Residents in the economic powerhouse of Gauteng can expect Covid-19 cases to reach 120 000 by the end of July, the province’s Health MEC revealed to News24.
“Our predictions tell us that we will be reaching 120 000 by the end of July. We will be getting closer to 250 000 to 300 000 by August, [and in] September which is expected to be the peak, we will be having more than that,” Dr Bandile Masuku told News24 on Wednesday.
“September will not be much different than what August will be except that we will be having them at a consistent and at a longer period,” he added.
Masuku was speaking to News24 in a wide-ranging interview ahead of what has been described as the “storm” heading to South Africa’s economic hub.
The MEC’s estimates are not too far off from those of the SA Covid-19 Modelling Consortium which predicted that by 13 July 2020, the province could have an estimated 115 000 cumulative detected cases and 730 cumulative deaths.
To date, the highest number of Covid-19 cases has been attributed to the Western Cape (64 281 as of 30 June), however the rate of increases noted in Gauteng (which has recorded 42 881 as of 30 June) has officials in the province concerned that it would soon be the province with the most positive cases.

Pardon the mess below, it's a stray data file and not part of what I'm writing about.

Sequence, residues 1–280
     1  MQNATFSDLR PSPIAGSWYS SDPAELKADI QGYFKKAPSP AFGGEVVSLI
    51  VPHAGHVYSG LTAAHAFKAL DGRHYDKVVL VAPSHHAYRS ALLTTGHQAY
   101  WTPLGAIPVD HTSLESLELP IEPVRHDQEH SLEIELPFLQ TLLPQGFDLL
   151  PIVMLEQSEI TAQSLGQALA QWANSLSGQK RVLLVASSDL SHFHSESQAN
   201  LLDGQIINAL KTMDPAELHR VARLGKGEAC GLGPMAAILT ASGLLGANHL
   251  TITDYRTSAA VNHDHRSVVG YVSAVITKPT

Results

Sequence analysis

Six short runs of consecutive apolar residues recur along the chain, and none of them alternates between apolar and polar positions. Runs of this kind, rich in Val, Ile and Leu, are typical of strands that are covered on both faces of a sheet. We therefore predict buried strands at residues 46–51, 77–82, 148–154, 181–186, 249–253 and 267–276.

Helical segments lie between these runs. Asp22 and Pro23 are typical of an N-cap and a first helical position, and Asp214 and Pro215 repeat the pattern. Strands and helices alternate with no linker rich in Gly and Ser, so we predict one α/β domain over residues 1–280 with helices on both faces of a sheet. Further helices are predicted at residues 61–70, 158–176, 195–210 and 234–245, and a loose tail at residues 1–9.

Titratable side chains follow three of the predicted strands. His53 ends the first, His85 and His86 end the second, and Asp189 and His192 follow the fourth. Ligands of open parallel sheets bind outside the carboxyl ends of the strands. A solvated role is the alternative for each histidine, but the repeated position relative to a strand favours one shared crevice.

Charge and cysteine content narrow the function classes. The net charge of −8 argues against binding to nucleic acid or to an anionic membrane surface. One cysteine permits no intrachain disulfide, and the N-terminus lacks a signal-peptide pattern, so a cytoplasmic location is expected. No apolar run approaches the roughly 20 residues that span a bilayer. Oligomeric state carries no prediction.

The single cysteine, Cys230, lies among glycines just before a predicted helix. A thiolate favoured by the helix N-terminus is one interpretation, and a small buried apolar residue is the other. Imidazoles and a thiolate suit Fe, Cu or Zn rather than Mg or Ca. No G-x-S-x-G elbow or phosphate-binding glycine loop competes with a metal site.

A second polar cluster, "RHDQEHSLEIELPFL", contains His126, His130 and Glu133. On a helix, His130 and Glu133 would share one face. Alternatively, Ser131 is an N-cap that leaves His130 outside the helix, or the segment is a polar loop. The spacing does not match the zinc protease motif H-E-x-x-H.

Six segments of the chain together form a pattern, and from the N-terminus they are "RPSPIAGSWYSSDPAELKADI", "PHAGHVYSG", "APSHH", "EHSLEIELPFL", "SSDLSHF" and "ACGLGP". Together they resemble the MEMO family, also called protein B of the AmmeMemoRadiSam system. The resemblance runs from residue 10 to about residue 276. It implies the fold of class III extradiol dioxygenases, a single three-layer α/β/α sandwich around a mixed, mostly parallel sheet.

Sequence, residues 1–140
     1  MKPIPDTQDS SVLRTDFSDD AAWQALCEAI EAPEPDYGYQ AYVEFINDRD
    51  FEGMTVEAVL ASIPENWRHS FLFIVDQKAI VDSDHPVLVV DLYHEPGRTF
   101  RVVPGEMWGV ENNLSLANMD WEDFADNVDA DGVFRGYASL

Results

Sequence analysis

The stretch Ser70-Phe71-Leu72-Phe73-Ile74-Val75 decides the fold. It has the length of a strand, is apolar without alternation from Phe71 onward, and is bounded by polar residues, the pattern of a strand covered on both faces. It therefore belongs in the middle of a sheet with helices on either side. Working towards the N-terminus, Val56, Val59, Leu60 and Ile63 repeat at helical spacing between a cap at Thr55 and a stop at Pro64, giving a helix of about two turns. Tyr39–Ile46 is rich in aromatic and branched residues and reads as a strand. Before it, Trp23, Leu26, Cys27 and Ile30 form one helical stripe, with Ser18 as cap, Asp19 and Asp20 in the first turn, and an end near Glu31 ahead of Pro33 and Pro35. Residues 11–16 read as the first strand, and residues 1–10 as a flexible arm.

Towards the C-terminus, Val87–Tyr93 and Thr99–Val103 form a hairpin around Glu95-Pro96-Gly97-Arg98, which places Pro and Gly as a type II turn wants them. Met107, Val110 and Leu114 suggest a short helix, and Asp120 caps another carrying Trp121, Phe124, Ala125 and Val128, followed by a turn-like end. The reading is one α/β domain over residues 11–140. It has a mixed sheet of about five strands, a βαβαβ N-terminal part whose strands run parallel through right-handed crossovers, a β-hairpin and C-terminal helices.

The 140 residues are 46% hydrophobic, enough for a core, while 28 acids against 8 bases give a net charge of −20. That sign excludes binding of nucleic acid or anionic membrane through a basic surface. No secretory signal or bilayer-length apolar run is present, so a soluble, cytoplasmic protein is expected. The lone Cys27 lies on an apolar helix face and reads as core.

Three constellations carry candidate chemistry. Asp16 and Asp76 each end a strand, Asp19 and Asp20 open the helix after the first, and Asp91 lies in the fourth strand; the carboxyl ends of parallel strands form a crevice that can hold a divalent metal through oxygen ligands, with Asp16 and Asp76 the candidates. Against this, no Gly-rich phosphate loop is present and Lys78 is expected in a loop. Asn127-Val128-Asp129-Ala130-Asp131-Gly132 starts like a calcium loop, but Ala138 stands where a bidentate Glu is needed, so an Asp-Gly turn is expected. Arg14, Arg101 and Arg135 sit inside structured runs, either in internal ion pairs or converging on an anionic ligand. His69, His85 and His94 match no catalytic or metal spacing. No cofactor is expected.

The health ministry, in a statement on Sunday, 28 June 2020, said it believed that within the coming days, Gauteng would emerge as the province with the highest Covid-19 numbers.
“Factors contributing to this trend are inward migration; the large population (especially in metros like Johannesburg, Ekurhuleni and Tshwane); increased congregating which spurs cluster outbreaks; and the level to which people are able to adapt to new behaviours such as social distancing and the wearing of masks,” the ministry explained.
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This expected surge in the province has been called the “Covid-19 storm” by Premier David Makhura.
What will the “storm” entail?
While Masuku states that he does not believe the public healthcare system will fail over the next few weeks, he admits it will however “feel the pressure”.
“It will be overcrowded in hospitals. We are already feeling the pressure in many facilities and we are going to see a lot of accident and emergency departments filled up with patients waiting to be put on beds and we are going to see a lot of healthcare workers exhausted/fatigued – a whole lot of absenteeism that might be coming from that part,” he said.
“There are a number of things that we need to be ready for and it’s just the intensity and the pressure that the system will be going through, so it will be felt by the system and the number of people going through our gates,” he explained.
The province has recorded 10 534 recoveries and 216 deaths.